农民们的拒绝并没有使聂赫留朵夫感到丝毫困惑。正好相反,尽管库兹明斯科耶的农民接受他的建议并再三向他道谢,而这里的农民却不信任他,甚至对他抱着敌意,他却觉得心情平静而快乐。帐房里又闷又脏。聂赫留朵夫走到户外,想到花园里去,可是一想到那个夜晚,想到侍女房间的窗户,想到后门廊,他就不愿再到那些被犯罪的往事所玷污的地方去。他又坐在门廊里,吸着那充满桦树嫩叶浓香的温暖空气,久久地眺望着暮色苍茫的花园,谛听磨坊汩汩的流水声、夜莺的鸣啭和门廊附近灌木丛里一只小鸟的单调叫声。管家窗子里的灯光熄灭了。东方,在仓房后面,初升的月亮倾泻出一片银光。空中的闪电越来越清楚地照亮鲜花盛开的蓊郁花园和颓败的房子。远处传来雷声,三分之一的天空被乌云遮住。夜莺和其他鸟类都停止了鸣叫。在磨坊的流水声中传来鹅的嘎嘎声。然后在村子里,在管家院子里,早醒的公鸡开始啼叫——每逢雷雨交加的闷热夜晚,它们总是叫得特别早。俗话说:夜晚过得好,公鸡啼得早。对聂赫留朵夫来说,那个夜晚不止过得好。对他来说,那是个欢乐幸福的夜晚。他那时还是个纯洁的少年,在这里度过了一个幸福的夏天,种种情景如今都历历在目。他觉得现在不仅同当年一样快活,而且同一生中最美好的时光一样幸福。他不仅记得,而且重新体验到,在十四岁那年他向上帝祷告,祈求上帝向他揭示真理。他还记得,小时候怎样伏在妈妈膝盖上,哭着向她告辞,答应她永远做个好孩子,决不使她伤心。他还记得小时候同尼科连卡·伊尔捷涅夫一起说定,他们将互相帮助过高尚的生活,并尽力为一切人谋幸福。

这会儿,他想起他在库兹明斯科耶经受的诱惑:他留恋他的房子、树林、农庄和土地。如今他问自己:他是不是还舍不得那些东西?他甚至觉得奇怪,他居然会留恋那些东西。他想起白天见到的种种景象:那带着几个孩子而失去丈夫的女人,她的丈夫就是因为砍伐他聂赫留朵夫家树林里的树木而坐牢的;还有那荒唐的玛特廖娜,她居然认为或者至少口头上说:象她们那种女人理应充当东家的情妇;还有她对待孩子的态度,以及把孩子送往育婴堂的办法;那个头戴小圆帽、样子象小老头、不住地苦笑的不幸孩子,因为吃不饱而奄奄一息;那个怀孕的瘦弱女人,因为劳累过度,没有看好饥饿的奶牛而被迫为他白白做工。他又想到了监狱、阴阳头、牢房、恶臭和镣铐,同时也想到了自己的以及京城里全体贵族穷奢极欲的生活。事情一清二楚,不容怀疑。

一轮近乎圆满的明月从仓房后面升起,院子里铺满了乌黑的阴影,破房子的铁皮屋顶都被照得闪闪发亮。

一只夜莺沉默了一阵,似乎不愿辜负这皎洁的月光,又在花园里鸣啭起来。

聂赫留朵夫想起他怎样在库兹明斯科耶开始考虑自己的生活,决定今后该做些什么和怎样做。他想起他怎样被这些问题困住,无法解决,因为他对每个问题都顾虑重重。现在他又向自己提出这些问题,发现它们都很简单,不禁感到奇怪。所以变得简单,因为他现在不再考虑对他将有什么后果,甚至对这些问题不感兴趣,而只考虑照道理应该怎么办。说也奇怪,应该为自己作些什么,他简直毫无主意,可是应该为别人作些什么,他却一清二楚。现在他明白,必须把土地交给农民,因为保留土地是很可恶的。他明白,不应该撇下卡秋莎,而应该帮助她,不惜任何代价向她赎罪。他明白,必须研究、分析、理解一切同审判和刑罚有关的问题,因为他看出一些别人没有看出的事。这一切会有什么后果,他不知道,但他明白,不论是第一件事,还是第二件事,还是第三件事,他都非做不可。这种坚强的信念使他感到快乐。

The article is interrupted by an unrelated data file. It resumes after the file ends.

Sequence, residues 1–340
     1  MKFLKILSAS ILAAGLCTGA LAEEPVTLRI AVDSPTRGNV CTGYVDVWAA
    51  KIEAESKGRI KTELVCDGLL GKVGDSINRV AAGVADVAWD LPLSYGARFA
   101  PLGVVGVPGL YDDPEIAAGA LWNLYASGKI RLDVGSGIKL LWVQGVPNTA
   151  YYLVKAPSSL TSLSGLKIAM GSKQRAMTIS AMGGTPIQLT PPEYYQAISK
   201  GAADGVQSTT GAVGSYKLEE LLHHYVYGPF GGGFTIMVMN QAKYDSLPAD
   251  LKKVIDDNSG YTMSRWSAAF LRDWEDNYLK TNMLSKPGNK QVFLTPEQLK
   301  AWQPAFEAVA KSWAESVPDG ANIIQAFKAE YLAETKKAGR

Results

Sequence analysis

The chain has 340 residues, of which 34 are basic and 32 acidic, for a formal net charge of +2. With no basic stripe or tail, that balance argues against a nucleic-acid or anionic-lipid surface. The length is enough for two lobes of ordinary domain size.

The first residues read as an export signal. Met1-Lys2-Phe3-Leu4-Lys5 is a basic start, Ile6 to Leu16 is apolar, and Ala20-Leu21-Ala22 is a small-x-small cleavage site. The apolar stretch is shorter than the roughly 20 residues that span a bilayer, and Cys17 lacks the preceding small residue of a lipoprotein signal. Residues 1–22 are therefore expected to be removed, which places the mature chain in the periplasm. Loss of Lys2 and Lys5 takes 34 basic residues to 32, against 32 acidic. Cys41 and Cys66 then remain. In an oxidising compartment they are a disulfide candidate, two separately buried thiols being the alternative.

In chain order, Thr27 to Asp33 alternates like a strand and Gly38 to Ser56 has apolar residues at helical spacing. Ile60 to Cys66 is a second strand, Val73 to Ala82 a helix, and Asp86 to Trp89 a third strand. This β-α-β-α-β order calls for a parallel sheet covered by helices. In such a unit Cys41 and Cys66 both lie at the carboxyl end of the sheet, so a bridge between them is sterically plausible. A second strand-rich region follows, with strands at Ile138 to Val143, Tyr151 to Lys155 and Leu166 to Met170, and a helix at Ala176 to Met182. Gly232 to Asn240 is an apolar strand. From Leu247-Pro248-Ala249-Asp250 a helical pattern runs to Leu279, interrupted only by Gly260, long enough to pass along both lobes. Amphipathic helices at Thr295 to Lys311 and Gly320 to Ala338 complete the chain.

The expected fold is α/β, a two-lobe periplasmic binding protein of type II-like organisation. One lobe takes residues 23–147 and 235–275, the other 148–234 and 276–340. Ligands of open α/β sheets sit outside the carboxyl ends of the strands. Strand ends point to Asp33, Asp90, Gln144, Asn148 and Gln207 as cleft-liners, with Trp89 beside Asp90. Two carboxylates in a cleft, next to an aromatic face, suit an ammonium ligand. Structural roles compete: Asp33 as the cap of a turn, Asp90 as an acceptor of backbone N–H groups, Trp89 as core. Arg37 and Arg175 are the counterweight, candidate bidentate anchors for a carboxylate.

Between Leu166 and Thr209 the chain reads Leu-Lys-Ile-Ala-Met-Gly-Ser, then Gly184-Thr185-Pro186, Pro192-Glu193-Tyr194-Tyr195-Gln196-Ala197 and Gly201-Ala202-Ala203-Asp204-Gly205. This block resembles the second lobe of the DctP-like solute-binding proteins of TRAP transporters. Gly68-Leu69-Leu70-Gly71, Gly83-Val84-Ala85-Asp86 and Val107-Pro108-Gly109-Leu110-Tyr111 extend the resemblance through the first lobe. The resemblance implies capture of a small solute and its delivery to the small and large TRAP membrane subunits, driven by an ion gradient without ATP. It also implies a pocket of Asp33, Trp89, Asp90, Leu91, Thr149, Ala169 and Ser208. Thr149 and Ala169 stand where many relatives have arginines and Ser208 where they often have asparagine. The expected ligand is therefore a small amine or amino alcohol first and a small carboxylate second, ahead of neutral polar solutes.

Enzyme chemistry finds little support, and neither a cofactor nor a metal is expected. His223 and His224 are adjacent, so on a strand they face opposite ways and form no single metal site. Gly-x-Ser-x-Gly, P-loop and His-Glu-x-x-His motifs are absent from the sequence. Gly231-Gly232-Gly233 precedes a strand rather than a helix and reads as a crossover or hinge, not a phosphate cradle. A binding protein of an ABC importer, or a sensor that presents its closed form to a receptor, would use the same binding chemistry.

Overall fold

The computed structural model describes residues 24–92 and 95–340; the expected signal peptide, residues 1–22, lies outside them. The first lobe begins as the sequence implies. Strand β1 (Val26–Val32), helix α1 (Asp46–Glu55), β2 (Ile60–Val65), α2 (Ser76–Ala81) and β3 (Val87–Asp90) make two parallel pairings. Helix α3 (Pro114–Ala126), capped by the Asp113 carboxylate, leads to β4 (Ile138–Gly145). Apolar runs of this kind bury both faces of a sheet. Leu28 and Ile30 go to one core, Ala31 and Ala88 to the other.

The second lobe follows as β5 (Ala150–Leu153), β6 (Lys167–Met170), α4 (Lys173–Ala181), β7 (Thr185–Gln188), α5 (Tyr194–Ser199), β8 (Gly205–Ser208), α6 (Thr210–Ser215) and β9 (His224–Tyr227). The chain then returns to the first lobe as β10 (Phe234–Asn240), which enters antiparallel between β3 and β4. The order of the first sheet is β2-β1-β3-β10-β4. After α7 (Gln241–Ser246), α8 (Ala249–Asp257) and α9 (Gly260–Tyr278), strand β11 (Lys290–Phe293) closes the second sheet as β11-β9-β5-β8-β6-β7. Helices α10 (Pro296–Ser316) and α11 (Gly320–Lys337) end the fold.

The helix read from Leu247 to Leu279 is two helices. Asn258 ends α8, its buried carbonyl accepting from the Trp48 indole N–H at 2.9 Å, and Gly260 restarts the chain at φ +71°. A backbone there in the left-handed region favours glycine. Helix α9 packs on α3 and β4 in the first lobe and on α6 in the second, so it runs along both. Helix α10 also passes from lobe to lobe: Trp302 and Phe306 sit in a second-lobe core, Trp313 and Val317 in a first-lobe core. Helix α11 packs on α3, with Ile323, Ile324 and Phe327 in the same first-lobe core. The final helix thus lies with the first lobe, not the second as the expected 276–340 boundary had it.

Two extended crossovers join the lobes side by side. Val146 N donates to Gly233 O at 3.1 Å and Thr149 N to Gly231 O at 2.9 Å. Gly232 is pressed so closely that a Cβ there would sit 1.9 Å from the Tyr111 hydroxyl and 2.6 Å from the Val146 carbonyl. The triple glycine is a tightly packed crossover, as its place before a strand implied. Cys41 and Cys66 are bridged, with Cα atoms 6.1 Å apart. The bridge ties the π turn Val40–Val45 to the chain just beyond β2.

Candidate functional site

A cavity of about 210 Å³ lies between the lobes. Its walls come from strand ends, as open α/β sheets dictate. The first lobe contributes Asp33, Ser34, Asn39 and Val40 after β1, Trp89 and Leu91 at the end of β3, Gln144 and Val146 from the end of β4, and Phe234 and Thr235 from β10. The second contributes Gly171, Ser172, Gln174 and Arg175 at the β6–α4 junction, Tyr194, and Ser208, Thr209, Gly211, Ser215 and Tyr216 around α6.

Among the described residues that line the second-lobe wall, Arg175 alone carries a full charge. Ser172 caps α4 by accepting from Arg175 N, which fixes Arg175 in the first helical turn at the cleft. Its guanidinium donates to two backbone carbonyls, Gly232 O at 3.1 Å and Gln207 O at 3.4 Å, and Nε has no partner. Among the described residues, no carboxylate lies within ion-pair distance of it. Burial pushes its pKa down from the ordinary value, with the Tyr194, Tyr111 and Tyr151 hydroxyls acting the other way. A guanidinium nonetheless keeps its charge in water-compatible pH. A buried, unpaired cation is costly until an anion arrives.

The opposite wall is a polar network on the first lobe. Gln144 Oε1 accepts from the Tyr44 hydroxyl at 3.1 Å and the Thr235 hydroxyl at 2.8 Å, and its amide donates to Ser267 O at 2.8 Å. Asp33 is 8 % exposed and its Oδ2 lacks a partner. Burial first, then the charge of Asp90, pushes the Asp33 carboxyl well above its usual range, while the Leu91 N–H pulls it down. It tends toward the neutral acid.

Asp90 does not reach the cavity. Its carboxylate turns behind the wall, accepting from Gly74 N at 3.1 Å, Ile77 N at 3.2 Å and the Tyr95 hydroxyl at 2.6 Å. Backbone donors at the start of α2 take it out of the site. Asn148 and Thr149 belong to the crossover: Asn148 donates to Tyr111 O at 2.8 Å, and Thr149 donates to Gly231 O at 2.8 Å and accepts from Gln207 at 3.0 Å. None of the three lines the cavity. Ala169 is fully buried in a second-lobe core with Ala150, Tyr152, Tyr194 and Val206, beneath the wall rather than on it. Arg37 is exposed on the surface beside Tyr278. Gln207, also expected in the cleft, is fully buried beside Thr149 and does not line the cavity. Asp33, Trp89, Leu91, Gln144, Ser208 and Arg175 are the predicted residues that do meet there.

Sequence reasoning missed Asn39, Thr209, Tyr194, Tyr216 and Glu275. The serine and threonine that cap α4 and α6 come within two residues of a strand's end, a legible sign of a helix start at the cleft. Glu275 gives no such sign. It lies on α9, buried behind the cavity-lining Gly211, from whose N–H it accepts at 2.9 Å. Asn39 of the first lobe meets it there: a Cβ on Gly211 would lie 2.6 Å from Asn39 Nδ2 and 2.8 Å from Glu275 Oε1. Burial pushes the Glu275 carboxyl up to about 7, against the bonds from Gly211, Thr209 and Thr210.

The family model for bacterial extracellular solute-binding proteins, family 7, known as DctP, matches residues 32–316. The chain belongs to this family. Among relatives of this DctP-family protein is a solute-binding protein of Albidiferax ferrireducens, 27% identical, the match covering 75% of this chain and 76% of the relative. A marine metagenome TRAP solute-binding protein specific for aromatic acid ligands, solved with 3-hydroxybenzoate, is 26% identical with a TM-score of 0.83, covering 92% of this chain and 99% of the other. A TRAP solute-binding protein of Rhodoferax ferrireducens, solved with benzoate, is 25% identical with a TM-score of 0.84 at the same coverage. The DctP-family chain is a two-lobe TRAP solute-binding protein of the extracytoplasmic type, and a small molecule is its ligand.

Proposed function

乌云逼近了。现在看见的已不是远处朦胧的电光,而是照亮整个院子、破屋和倒塌门廊的明亮闪电。雷声在头上隆隆震响。鸟雀都已停止鸣叫,但树叶却飒飒地响起来,风一直吹到聂赫留朵夫坐着的门廊里,吹动了他的头发。大颗的雨点一滴一滴地落下来,敲打着牛蒡叶子和铁皮屋顶。一道明晃晃的闪电照亮整个天空,刹那间万籁俱寂。聂赫留朵夫还没来得及从一数到三,一声霹雳就在头上打响,接着空中隆隆地滚过一阵响雷。

聂赫留朵夫走进屋里。

“真的,真的,”他想。“我们生活中的一切事情,这些事情的全部意义,我不理解,也无法理解。我为什么有两个姑妈?为什么尼科连卡死了,而我却活着?为什么世界上会有一个卡秋莎?我怎么会对她疯疯癫癫?为什么要发生那场战争?后来我怎么过起放荡的生活来?要理解这一切,理解主的全部事情,我无能为力。但执行深铭在我心灵的主的意志,那是我力所能及的。这一点我毫不怀疑。我这样做,自然就心安理得。”

滴滴答答的小雨已变成倾盆大雨,雨水从屋顶上流下来,哗哗地落到一个木桶里;闪电照亮院子和房屋,但不那么频繁了。聂赫留朵夫回到屋里,脱下衣服,躺到床上,但担心有臭虫,因为肮脏的破墙纸很可能藏着臭虫。

“是的,我不是东家而是仆人,”他这样想,心里感到高兴。

他的担心是有道理的。他刚一熄灯,小虫就来咬他了。

“交出土地,到西伯利亚去,西伯利亚有的是跳蚤、臭虫、肮脏……那有什么了不起,既然得受这种罪,我也受得了。”不过,尽管有这样的心愿,他还是受不了这个罪。他起来坐到打开的窗口,欣赏着渐渐远去的乌云和重新露面的月亮。